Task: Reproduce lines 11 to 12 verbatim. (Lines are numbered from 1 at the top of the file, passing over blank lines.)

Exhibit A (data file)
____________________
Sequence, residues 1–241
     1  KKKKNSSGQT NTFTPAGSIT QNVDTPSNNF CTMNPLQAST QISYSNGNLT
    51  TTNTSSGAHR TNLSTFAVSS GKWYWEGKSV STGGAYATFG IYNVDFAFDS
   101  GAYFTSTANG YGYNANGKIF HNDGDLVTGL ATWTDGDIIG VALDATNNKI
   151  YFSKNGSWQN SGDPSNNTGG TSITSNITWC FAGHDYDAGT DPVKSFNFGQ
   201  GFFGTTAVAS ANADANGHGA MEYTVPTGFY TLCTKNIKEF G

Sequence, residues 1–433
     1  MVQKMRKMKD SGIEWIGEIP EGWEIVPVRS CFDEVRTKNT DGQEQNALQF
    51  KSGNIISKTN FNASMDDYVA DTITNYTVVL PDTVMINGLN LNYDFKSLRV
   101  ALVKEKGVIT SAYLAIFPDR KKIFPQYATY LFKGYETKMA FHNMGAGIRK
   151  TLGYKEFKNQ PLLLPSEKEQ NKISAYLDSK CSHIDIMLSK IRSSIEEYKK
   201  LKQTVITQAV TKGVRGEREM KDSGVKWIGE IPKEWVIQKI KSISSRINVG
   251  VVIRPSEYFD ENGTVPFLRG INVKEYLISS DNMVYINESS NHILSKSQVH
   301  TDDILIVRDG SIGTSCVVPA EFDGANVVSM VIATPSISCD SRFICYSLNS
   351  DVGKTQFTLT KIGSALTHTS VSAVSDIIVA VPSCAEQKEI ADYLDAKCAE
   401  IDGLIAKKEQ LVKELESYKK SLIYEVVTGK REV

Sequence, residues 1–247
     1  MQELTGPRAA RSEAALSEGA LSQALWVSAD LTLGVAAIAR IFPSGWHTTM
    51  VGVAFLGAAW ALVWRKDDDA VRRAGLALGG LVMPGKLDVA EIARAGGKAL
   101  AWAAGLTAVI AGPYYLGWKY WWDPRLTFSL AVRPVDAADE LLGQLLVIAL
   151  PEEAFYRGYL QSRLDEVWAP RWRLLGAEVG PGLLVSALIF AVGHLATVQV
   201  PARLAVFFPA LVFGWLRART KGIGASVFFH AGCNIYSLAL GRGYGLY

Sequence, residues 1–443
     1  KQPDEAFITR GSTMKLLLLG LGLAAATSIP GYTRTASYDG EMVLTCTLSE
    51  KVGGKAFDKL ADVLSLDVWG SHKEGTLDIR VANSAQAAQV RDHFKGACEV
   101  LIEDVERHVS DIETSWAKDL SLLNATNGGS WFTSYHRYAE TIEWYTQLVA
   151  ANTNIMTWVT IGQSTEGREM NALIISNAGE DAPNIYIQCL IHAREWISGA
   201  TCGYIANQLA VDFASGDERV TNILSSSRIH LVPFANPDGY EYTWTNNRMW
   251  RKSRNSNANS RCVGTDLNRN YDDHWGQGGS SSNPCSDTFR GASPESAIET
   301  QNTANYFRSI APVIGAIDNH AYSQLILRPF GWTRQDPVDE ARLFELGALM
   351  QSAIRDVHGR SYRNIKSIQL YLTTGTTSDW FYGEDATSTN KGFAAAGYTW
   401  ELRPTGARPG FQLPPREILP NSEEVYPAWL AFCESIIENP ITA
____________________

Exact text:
   151  TLGYKEFKNQ PLLLPSEKEQ NKISAYLDSK CSHIDIMLSK IRSSIEEYKK
   201  LKQTVITQAV TKGVRGEREM KDSGVKWIGE IPKEWVIQKI KSISSRINVG